A plan to turn deteriorating Albi Stadium into a nationally known youth sports complex is expected to get legs today.
The Spokane City Council is scheduled to call for bids on an estimated $1.9 million stadium upgrade featuring new artificial turf and a wider playing surface for soccer.
Spokane sports mogul Bobby Brett has pledged the first $100,000 for the project. The city and school districts have committed $400,000 each, while a bond will cover the remainder.
If the council comes through with the project, Brett has vowed to seek private foundation money and corporate sponsors to develop the stadium’s 90-acre grounds.
Ultimately, he envisions an indoor soccer field and ice rink as well as softball fields and possibly a youth golf course.
Albi is a “wonderful physical facility in need of tender loving care,” said Brett, owner of the Spokane Chiefs, Indians and Shadow - minor-league hockey, baseball and soccer clubs.
The stadium opened in 1950 for football and motor sports. In 1962, it was expanded to nearly 35,000 seats to accommodate the Washington State University football team.
But the Cougars eventually enlarged their own stadium, and Albi’s use dropped to only 27 days last year, primarily for Greater Spokane League high school football double-headers.
Last season, doctors began reporting more knee and shoulder injuries as a result of the deteriorating turf, said Assistant City Manager Bill Pupo.
Regardless of what the city does to upgrade Albi Stadium, it must buy new turf for an estimated $800,000, Pupo said. The current turf is a 10-year-old victim of weather extremes.
The city also spends $30,000 to $50,000 a year maintaining the stadium, located in north Spokane at 4918 W. Everett.
Turning Albi into a soccer venue could triple its use and benefit taxpayers, supporters say.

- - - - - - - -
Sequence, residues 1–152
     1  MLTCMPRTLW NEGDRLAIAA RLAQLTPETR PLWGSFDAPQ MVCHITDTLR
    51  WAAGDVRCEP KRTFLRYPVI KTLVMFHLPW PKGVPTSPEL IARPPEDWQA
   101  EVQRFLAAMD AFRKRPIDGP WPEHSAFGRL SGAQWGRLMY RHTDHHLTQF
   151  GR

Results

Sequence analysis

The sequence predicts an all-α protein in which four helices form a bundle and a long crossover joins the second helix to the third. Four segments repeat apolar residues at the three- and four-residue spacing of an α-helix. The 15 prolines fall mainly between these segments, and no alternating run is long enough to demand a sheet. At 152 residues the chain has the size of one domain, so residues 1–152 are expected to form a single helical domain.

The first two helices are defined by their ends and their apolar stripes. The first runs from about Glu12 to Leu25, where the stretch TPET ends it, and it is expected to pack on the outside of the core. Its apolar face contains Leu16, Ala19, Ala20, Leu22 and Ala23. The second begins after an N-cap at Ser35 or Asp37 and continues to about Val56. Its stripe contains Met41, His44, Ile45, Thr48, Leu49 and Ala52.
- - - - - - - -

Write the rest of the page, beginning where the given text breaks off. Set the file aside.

“If we can increase the usage of Albi by increasing the number of event days or break even or make money, we’ve created probably the best facility west of the Mississippi for youth and collegiate activities,” Pupo said.
The plan is to raise the field 7 feet, widen it by removing up to 7,000 seats and flatten it to accommodate soccer by removing the 18-inch crown in the middle.
A new drainage system would be installed, filtering water from the top down through porous asphalt instead of off the field’s sides.
City Councilman Jeff Colliton, who is shep-herding the project for the city, said that because of increased injuries among high school football players, the city is obligated to replace the turf.
Colliton dreams of Albi one day being host to a National Football League exhibition game.
But a representative of the Spokane Metro Softball Association is not jumping on the Albi bandwagon.
Michael Dalsanders, the group’s fund-raiser, concedes the project is a done deal but wants the council to examine whether Brett is getting another great deal at the expense of taxpayers.
Dalsanders criticizes Brett’s arrangement with the county for Seafirst Stadium, home of the Indians baseball club.
While Brett has poured his own money into saving the county stadium from the wrecking ball, he pays little rent and also benefits from county tax revenues.
Last year, the county spent $161,000 in rental car tax revenues for ballpark maintenance.
“We are concerned about the continual use of public funds to support a private enterprise,” Dalsanders said.
The non-profit Metro Softball Association is building a $2.3 million six-diamond softball complex on land leased from the city for $1 a year.
But Dalsanders said the 33-acre site at Holland Road and Dakota Street was given to the city with the understanding it be used for public athletics.
“We would like to have the same opportunity for financial assistance from the city that the Brett group is being allowed,” said Dalsanders, adding that private money is paying for his project.
, DataTimes MEMO: Meeting The council meets tonight at 6:30 in City Hall, 808 W. Spokane Falls Blvd.
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